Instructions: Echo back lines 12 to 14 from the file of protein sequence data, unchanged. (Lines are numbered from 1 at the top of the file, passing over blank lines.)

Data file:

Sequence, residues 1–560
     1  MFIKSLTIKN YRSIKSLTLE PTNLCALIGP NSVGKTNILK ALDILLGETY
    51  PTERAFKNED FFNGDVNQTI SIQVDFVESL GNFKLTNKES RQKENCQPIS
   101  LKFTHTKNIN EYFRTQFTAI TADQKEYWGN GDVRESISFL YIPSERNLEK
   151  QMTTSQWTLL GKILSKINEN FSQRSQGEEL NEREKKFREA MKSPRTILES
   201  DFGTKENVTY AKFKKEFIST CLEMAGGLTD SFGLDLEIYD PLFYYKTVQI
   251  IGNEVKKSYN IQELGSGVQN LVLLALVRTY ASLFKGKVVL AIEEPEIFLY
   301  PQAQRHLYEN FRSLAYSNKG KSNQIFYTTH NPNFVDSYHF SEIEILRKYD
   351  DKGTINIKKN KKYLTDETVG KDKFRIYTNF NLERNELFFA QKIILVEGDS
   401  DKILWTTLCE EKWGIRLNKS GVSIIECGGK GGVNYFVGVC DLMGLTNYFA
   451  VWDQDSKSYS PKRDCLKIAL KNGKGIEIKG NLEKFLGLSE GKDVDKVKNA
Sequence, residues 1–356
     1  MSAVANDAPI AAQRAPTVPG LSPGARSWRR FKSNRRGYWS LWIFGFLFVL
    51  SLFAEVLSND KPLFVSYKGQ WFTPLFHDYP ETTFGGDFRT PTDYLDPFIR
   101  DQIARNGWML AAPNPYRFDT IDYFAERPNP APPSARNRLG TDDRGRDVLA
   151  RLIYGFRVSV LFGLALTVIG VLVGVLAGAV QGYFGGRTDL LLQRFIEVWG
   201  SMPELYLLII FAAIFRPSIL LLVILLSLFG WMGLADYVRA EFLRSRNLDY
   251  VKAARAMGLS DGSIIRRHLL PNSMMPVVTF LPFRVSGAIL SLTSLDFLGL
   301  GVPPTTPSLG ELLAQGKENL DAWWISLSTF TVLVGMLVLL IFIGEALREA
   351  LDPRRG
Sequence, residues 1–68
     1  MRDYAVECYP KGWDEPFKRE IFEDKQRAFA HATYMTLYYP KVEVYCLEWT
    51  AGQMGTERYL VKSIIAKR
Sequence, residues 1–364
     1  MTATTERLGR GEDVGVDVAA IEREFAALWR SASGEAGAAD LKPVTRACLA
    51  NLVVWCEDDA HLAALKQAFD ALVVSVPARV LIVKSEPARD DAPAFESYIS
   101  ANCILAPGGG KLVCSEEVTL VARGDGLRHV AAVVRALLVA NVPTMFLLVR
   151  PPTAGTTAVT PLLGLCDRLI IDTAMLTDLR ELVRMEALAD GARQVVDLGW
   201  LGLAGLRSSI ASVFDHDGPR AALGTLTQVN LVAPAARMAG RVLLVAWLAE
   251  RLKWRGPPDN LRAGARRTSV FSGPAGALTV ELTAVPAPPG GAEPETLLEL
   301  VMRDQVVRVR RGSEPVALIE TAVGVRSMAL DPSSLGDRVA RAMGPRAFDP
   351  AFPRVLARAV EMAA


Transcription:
Sequence, residues 1–356
     1  MSAVANDAPI AAQRAPTVPG LSPGARSWRR FKSNRRGYWS LWIFGFLFVL
    51  SLFAEVLSND KPLFVSYKGQ WFTPLFHDYP ETTFGGDFRT PTDYLDPFIR